Australia’s growth outlook remains subdued as turmoil in the global banking system adds to the pressures already weighing on advanced economies.
The Westpac-Melbourne Institute leading index, which indicates the likely pace of economic activity relative to trend over the next three to nine months, recorded a modest gain to -0.94 per cent in February from -1.04 per cent in January.
Despite the uptick, the growth rate has been in negative territory for seven months in a row, which points to below-trend growth in the coming months.
Westpac chief economist Bill Evans said the slowdown reflects the lagged effect of the sharp rise in interest rates, the dramatic fall in real wages, a bottoming-out of the savings rate, falling house prices, and now, to a lesser extent, volatility in the global banking system.
“Recent developments in the global banking system are unlikely to significantly impact Australia’s financial system but will be a further headwind for the major advanced economies, particularly through a reduction in credit availability and knock to confidence,” Mr Evans said.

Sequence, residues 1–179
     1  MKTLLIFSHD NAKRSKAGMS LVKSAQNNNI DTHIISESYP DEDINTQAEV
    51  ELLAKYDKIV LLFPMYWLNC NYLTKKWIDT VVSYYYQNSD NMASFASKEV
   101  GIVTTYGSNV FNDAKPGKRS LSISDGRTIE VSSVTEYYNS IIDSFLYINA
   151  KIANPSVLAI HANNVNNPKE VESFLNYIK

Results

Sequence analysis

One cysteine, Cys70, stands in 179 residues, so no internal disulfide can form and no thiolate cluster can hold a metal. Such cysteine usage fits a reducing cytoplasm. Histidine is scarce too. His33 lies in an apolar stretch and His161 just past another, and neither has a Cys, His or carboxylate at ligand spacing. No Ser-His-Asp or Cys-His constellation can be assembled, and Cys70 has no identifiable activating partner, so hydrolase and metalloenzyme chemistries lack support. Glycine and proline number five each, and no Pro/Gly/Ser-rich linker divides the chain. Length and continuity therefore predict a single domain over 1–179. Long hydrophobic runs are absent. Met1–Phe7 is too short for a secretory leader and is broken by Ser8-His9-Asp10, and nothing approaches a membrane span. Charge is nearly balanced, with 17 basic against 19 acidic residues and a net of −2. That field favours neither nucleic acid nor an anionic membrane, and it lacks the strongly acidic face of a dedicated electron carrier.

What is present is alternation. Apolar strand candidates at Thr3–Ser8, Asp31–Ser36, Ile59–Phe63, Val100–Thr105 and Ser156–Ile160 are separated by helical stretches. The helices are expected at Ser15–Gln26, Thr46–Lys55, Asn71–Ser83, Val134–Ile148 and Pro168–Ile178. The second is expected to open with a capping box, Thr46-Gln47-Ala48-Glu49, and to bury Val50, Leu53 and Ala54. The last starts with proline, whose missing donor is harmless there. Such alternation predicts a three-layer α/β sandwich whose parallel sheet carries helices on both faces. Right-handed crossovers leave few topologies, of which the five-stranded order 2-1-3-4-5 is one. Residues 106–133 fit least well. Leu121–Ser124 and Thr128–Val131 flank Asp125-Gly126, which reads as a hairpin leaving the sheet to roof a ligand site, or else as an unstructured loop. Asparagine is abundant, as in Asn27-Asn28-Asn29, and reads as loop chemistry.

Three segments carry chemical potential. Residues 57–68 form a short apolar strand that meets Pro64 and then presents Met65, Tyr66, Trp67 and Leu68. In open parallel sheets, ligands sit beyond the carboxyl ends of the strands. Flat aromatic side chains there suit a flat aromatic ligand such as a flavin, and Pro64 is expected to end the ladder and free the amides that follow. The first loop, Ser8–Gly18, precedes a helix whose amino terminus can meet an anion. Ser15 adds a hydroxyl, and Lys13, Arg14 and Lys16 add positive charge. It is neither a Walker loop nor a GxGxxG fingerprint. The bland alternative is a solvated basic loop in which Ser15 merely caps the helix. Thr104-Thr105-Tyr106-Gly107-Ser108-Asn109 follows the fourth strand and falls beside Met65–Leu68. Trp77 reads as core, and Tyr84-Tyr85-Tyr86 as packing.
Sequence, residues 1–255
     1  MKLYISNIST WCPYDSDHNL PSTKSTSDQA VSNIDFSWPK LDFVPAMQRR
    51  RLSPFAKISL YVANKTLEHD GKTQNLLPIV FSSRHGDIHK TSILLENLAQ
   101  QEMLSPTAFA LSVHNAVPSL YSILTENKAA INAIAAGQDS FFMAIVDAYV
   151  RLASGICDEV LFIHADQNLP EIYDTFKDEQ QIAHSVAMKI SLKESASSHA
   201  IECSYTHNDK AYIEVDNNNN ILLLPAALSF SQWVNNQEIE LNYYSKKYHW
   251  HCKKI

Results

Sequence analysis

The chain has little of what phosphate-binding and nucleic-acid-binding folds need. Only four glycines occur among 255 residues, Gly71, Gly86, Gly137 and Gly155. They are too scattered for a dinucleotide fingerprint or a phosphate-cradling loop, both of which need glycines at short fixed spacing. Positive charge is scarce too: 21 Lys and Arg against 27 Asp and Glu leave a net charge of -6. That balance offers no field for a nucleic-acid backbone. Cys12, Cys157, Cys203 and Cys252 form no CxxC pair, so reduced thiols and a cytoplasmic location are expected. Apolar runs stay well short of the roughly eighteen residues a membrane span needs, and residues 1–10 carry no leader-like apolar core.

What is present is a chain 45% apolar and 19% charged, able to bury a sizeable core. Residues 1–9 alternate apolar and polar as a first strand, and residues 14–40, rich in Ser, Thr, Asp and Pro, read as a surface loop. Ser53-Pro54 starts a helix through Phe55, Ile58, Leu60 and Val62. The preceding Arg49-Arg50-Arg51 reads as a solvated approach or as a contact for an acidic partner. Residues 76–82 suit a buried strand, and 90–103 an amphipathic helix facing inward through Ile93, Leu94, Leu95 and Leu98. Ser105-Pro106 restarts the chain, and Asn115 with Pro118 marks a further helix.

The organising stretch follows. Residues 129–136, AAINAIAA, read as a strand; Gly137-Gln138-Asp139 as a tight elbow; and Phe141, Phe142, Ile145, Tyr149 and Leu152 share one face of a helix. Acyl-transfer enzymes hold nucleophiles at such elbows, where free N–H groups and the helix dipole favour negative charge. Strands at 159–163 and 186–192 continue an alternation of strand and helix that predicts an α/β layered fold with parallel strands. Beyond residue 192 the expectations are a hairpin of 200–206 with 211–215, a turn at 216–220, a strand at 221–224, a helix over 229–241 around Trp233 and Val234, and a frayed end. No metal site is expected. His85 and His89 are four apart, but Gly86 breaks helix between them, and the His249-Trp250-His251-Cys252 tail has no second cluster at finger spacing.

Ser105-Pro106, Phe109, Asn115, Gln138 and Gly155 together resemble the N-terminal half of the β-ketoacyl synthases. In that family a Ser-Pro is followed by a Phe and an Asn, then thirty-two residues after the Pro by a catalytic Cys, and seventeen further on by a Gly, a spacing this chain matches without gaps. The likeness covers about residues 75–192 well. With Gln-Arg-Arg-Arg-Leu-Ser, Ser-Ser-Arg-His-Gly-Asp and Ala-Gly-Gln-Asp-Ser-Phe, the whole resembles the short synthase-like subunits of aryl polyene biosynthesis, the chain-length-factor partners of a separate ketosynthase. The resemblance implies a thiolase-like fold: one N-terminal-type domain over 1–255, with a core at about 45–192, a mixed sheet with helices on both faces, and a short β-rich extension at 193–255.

“This, in turn, will have indirect implications for Australia’s growth prospects.”
The slowdown in hours worked, falling commodity prices, a slowdown in US industrial production and softening expectations for unemployment drove the deterioration in the index over the month.
Mr Evans said these falls were slightly offset by improved consumer sentiment and a lift in equity markets, but these gains would likely be short-lived given the recent volatility in global financial markets.
This includes the collapse of regional banks in the US and troubles facing the Swiss bank Credit Suisse.
He said the leading indicator index aligned with Westpac’s expectations for one per cent growth in the Australian economy over 2023 and 1.5 per cent in 2024.
On Friday, Westpac updated its cash rate prediction for a pause in April and a final 0.25 percentage point hike in May.
“New information will be available for the May board meeting, particularly around inflation and the staff’s revised economic forecasts,” Mr Evans said, which would likely indicate the need for another hike.
(Australian Associated Press)